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“Danganronpa: Trigger Happy Havoc,” an anime-styled visual novel detective game newly-released on PC from developer Spike-Chunsoft, is as hard to explain succinctly as it is to pronounce.
The premise involves fifteen high school students, each the “ultimate” in their area of expertise — such as the ultimate fashionista, the ultimate swimmer, or the ultimate hoodlum — invited to attend one of the world’s most prestigious academies, Hope’s Peak Academy. However, once they arrive they find themselves trapped inside and presented with a dire opportunity. One of the students can escape if they can murder one of their classmates and get away with it. But if the culprit is caught during a class trial, then they’ll be executed as punishment. The story is centered around that killing game as students begin dropping dead one by one.
Though the conceit is grim, Danganronpa manages to stay relatively light hearted by not taking itself too seriously. The kids’ tormentor is a mastermind in the form of a mechanical teddy bear named Monokuma, who taunts them at every turn. The students’ day to day life can be pretty amusing as they talk about simple teenage concerns, like gaining weight or getting a cute boy to notice them, in between all the killings. Even the murders themselves have an artistic bent to them, as all blood in the game is displayed in hues of hot pink instead of red.
In fact, the art style is huge part of the appeal. The environments in Hope’s Peak appear almost like a pop-up storybook, with the characters looking like paper dolls. The exaggerated, anime-style protagonists inject a ton of personality into the proceedings, which play out like a visual novel.
Danganronpa exists right at the intersection of creepy and cute, tackling some grisly topics while also featuring a talking teddy bear that squeaks when he walks. Don’t come in expecting a hard-edged murder mystery, but don’t think they’ll shy away from showing you the primal fear in a character that’s about to be executed either.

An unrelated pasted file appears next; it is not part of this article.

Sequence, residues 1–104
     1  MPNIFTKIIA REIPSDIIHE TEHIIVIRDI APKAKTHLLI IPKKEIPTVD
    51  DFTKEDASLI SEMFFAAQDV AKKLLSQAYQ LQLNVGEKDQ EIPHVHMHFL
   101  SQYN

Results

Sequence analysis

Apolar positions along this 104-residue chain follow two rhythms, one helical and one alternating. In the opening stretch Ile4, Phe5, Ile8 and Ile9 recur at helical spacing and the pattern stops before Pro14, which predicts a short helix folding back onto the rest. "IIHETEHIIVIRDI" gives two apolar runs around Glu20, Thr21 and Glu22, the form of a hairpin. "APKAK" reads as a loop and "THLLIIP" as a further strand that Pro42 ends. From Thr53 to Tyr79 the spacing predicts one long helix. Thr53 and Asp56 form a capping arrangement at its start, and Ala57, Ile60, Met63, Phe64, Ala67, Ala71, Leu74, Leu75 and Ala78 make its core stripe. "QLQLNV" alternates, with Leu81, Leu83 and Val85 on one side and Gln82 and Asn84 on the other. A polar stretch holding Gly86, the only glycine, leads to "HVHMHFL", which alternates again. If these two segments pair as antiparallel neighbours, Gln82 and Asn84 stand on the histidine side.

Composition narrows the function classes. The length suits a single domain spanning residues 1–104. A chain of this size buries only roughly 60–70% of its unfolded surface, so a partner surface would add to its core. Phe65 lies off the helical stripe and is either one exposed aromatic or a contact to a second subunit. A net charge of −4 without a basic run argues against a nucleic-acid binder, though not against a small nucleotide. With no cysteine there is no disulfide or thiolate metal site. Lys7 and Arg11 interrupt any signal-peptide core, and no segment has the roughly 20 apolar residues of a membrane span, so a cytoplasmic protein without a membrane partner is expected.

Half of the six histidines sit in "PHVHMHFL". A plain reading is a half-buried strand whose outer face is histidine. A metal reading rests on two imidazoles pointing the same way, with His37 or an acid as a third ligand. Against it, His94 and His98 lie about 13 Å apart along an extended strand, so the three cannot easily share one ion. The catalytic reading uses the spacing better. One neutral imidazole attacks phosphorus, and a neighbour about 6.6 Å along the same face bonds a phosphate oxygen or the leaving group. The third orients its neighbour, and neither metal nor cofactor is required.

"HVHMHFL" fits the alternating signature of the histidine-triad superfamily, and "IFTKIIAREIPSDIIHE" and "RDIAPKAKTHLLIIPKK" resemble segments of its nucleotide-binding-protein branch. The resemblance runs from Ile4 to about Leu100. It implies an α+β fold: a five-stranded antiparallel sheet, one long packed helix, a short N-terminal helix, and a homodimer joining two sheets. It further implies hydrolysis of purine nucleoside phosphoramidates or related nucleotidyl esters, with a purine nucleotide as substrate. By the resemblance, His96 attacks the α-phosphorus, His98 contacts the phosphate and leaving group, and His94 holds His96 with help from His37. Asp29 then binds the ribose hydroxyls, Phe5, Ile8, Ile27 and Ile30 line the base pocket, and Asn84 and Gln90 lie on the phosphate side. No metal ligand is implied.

The story is excellent, slowly unraveling why the students were trapped in Hope’s Peak. Gradually it explains some unexpected motives behind murder that might make you think twice about who you condemn.
Gameplay switches between Daily Life, where students live peacefully waiting for a would-be murderer to make a move, and Deadly Life, which kicks in the instant a body is discovered. Deadly Life involves searching the school for clues and then holding the all important class trial. The class trial plays out remarkably similar to the Ace Attorney series of games, wherein players examine arguments made by other students and then present evidence that contradicts them to move the case along.
All this is done by collecting “truth bullets” — clues to the mystery — and firing them at false statements, which fly across the screen as characters say them. This creates an element of twitch shooting that most visual novels don’t have. Other minigames in the class trial include a simple version of hangman where you must shoot the correct letter and a “bullet time battle,” a rhythm-based argument game that’s explained really poorly in its tutorial. The class trial is at the heart of what makes Danganronpa fun, once you figure out its myriad weird mechanics.
The controls for the PC version all you to control either using a keyboard and mouse or a gamepad, and neither solution works perfectly. I found the keyboard and mouse better for moving around the school during investigations, but wanted to use the gamepad during class trials. If you have both set up on your PC, you can switch back and forth easily, though its a bit clumsy to swap.
Danganronpa has a meaty, well-written story, lasting about 30 hours, and an additional mode that follows the students in a “what if” scenario where nobody kills each other. There’s plenty to occupy your time, although once you’ve already solved the murders there’s not much incentive to replay the game other than to collect assorted prizes from a gachapon-style machine. However, if you do devour all the content included here and still want more, developer Spike-Chunsoft has suggested that a PC port of the sequel, Danganronpa 2: Goodbye Despair, is on the way soon.
The pop-art murder mystery at the center of Danganronpa features a lovable cast and while it sounds odd, the stylish, argument-based battles are a blast to play. At the price of $29.99, it’s definitely worth a look.
Spike-Chunsoft provided a Steam code of this game for the purposes of this review.